Given that observation, how would you evaluate a programming language design? You can’t do it very easily empirically. I’m not a big believer in Greene’s Cognitive Dimension although they are decent heuristics to follow when designing your language. What else is there?

      1. Lutz Prechelt is an empirical software engineering researcher who has demonstrated ways to measure and evaluate large software systems like web application platforms.

        Just because we’ve yet to open Skinner’s Box in programming language interaction design, does not mean it can’t be opened and the gift be beautiful. Programming language interaction design needs a Stanley Milgrim (as do all fields).

          1. Someone is being too witty.

            Milgrim had way more famous experiments than the peer administered shock experiment:

            (1) The Shock Experiment was just one of many that measured how people show obedience to authority
            (2) The Lost Letter Experiment
            (3) Small World Phenomenon, which later gave birth to Duncan Watts’ Small Worlds Theory
            (4) Anti-social behavior experiment

            He is broadly recognized as one of the best experiment designers in the history of social science, especially psychology.

        1. It is not very useful to compare PL design to forms of design where social science and usability testing is effective.

          Usability testing is limited on tools that require substantial learning investments. You instead have to do something called an “expert review” on these tools that isn’t very scientific, the results from such a review are biased on unreliable. All of the PL HCI work has been done on end-user programming languages for this reason. Kodu was extensively user tested; Scratch; Hands; etc… But the process completely falls down when you have a real programming language with a real learning curve.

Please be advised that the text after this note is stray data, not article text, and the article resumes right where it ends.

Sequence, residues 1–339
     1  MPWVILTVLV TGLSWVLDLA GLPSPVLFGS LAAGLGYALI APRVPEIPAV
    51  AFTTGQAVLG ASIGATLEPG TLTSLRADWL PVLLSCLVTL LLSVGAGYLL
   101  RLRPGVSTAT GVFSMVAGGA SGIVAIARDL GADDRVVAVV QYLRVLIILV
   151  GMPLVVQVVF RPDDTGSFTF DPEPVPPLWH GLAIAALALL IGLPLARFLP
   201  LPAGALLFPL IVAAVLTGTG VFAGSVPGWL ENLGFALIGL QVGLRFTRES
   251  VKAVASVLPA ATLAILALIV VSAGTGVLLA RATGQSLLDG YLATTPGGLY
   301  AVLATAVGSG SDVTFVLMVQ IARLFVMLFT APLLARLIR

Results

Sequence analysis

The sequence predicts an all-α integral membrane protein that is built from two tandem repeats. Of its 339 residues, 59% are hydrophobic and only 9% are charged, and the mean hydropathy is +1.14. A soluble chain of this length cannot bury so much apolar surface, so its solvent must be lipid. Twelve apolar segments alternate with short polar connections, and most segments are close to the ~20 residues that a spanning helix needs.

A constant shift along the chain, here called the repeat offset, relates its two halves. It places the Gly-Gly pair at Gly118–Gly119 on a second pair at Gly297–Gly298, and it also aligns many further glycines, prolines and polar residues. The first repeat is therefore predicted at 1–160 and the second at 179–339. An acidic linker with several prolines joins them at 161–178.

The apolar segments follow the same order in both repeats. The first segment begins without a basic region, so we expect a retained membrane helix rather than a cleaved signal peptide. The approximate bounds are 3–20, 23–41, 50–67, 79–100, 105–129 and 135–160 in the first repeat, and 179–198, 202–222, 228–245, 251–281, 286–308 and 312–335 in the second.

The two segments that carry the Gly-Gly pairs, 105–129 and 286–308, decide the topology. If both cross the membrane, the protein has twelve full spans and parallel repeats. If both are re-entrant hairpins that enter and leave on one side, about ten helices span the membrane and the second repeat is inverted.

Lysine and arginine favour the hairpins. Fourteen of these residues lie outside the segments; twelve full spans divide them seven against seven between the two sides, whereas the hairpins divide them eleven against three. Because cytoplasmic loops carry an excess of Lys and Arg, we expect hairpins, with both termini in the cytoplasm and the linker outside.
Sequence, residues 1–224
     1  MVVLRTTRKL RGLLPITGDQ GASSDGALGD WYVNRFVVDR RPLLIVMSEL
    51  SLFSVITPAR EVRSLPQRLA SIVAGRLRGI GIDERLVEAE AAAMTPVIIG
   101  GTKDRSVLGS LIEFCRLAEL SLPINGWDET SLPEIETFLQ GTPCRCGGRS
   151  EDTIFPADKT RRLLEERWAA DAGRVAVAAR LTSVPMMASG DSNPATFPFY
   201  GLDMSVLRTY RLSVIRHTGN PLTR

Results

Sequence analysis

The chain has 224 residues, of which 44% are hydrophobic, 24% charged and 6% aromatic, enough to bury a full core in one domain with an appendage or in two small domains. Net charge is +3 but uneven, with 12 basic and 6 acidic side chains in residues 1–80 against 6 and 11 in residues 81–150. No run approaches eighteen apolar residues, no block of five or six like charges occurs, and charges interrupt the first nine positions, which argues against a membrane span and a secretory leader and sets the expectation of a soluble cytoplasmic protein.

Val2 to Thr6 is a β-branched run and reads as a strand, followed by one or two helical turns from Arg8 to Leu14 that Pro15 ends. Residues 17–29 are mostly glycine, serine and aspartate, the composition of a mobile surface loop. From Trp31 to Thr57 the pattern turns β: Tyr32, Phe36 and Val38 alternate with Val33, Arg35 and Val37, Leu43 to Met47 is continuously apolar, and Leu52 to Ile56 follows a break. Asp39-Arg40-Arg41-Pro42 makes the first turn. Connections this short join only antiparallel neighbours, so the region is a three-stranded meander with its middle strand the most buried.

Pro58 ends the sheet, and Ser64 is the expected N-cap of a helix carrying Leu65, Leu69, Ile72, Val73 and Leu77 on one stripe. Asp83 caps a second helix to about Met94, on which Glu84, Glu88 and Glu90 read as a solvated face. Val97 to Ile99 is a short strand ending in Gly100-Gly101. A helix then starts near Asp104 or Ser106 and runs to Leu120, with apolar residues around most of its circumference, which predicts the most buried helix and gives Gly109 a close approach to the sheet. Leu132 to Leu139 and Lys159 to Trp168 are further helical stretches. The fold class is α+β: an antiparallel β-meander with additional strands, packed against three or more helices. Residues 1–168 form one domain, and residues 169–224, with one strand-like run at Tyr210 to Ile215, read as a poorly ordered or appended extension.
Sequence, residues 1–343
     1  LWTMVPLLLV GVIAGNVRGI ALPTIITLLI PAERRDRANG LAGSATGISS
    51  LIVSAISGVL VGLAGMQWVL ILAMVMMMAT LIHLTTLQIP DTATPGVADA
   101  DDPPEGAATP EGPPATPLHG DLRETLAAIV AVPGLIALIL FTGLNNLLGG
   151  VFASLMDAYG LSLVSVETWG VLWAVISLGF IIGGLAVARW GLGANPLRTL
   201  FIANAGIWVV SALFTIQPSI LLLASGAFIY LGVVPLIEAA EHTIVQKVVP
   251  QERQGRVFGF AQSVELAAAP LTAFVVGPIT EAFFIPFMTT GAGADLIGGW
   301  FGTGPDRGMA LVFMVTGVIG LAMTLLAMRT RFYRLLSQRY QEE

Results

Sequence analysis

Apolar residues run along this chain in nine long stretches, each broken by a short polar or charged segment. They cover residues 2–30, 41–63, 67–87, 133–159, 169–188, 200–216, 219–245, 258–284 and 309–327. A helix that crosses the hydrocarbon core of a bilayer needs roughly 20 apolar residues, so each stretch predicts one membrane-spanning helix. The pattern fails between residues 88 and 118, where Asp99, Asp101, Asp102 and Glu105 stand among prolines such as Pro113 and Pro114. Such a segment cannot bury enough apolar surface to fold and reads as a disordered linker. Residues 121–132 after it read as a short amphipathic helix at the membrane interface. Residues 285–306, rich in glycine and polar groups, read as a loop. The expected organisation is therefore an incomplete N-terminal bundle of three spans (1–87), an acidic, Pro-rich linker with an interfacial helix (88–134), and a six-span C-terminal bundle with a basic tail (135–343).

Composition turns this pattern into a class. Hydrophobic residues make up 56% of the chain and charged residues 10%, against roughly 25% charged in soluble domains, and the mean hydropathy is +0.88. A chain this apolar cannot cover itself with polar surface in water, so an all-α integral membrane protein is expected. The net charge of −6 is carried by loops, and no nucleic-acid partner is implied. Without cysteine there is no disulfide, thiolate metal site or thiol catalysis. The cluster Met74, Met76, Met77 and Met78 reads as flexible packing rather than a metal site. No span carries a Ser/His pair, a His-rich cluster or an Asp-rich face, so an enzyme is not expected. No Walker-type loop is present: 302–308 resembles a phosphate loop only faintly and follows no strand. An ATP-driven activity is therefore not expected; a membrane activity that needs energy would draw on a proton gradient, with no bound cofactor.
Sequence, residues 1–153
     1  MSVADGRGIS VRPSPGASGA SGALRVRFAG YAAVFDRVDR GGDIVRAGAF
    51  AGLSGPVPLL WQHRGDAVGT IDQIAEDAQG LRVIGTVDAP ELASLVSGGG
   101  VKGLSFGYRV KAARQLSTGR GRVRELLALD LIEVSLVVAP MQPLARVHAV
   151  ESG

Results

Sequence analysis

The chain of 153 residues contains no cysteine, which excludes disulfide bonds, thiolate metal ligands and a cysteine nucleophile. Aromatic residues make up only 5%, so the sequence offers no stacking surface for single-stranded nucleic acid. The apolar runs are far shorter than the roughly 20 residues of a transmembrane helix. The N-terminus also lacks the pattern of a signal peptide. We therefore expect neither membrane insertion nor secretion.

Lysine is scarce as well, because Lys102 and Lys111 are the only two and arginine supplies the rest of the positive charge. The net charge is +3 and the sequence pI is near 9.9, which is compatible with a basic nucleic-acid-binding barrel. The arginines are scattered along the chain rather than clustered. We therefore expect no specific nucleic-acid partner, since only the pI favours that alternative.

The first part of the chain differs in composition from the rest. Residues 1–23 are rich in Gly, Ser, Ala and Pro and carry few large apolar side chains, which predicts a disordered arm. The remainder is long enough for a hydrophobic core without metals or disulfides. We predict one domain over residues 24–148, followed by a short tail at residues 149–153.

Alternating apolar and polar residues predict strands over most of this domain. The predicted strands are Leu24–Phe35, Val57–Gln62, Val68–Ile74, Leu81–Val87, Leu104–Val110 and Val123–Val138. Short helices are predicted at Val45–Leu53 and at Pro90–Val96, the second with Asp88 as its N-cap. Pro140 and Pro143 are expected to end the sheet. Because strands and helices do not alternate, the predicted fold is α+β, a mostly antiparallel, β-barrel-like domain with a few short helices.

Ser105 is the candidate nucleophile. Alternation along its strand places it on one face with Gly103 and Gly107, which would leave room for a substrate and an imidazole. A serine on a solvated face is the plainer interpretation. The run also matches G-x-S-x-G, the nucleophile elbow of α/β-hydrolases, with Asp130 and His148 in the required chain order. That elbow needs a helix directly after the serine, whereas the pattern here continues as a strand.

Social science requires observing people “in a natural environment.” A programming environment is not natural nor is it meant to be. We can examine programmers in their current environment, but we can’t break that down to fundamental observations. See also: design research.

          So what do we do as language designers? How do we evaluate our language designs if we can’t rely on A/B testing? It is really the dirty secret of our field: if we write a technical paper, we have to have some empirical or theoretical results to get beyond the PC…so we throw something in that isn’t really related to design, perhaps only to satisfy the PC. This is probably the main reason why Onward is very appealing to language designers.

          Currently, we can only really judge the success of a PL overtime: does it get adopted, does it change our thinking, are programmers using PL A more effective than programmers using PL B over a period of 10 years? That is clearly way too long to inform the design ‘in the now,” so instead we rely more on the experience of the designer (who aggregates this knowledge over time).

          1. My imagination may be running wild, because we probably are approaching the idea of formal studies very differently.

            Empirical software engineering has a harried past when it comes to good research. For example, Fagin’s seminal study on code review was highly flawed, as shown by Victor Basili and others. But refined experiments educate a lot about tool design without testing whole languages.

          2. Z-Bo,

            I also think that “divide and conquer” might be a way forward. But it is easier said than done: we still even lack micro studies showing the virtue of functional programming over say..imperative programming.

            We really need to study other fields of design that have the same problem. I mentioned architecture before: architects are married to their tools which makes evolution and revolution very difficult. They spend much of their schooling mastering their tools and so if you do user testing on a trained architect of a new approach to architecture tooling, the results will definitely be biased toward what exists.

            I had this very discussion with an HCI candidate a few weeks ago. It is nice being in a lab where I get to interact with HCI researchers and Italian designers 🙂

          3. Sean,